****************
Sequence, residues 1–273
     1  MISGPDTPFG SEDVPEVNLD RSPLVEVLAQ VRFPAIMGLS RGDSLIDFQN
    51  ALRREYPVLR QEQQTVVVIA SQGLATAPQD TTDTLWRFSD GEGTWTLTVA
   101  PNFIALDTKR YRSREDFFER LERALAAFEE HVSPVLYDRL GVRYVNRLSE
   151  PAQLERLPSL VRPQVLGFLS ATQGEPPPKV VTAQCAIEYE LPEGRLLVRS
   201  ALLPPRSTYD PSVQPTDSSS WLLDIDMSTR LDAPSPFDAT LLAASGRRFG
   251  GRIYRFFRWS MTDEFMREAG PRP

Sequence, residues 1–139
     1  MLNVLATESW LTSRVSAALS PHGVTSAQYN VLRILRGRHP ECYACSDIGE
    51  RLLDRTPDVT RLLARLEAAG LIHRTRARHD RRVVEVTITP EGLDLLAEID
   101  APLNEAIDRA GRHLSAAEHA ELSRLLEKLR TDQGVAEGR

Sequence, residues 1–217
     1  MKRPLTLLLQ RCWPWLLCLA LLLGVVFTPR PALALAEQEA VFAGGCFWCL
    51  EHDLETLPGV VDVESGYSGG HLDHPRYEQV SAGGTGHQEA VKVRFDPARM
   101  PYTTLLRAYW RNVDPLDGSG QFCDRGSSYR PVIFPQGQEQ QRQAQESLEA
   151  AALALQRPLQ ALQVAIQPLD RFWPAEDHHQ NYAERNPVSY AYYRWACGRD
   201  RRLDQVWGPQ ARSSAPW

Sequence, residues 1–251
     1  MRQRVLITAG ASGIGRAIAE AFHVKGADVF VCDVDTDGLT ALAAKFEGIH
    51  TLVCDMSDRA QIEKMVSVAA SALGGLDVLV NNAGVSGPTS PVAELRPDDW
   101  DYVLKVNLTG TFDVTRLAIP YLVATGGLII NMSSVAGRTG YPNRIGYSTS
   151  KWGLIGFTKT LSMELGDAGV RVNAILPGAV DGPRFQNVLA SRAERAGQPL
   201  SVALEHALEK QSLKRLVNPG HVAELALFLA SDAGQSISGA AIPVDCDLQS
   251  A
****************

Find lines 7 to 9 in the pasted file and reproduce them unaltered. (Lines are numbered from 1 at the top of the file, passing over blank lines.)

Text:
   251  GRIYRFFRWS MTDEFMREAG PRP

Sequence, residues 1–139
     1  MLNVLATESW LTSRVSAALS PHGVTSAQYN VLRILRGRHP ECYACSDIGE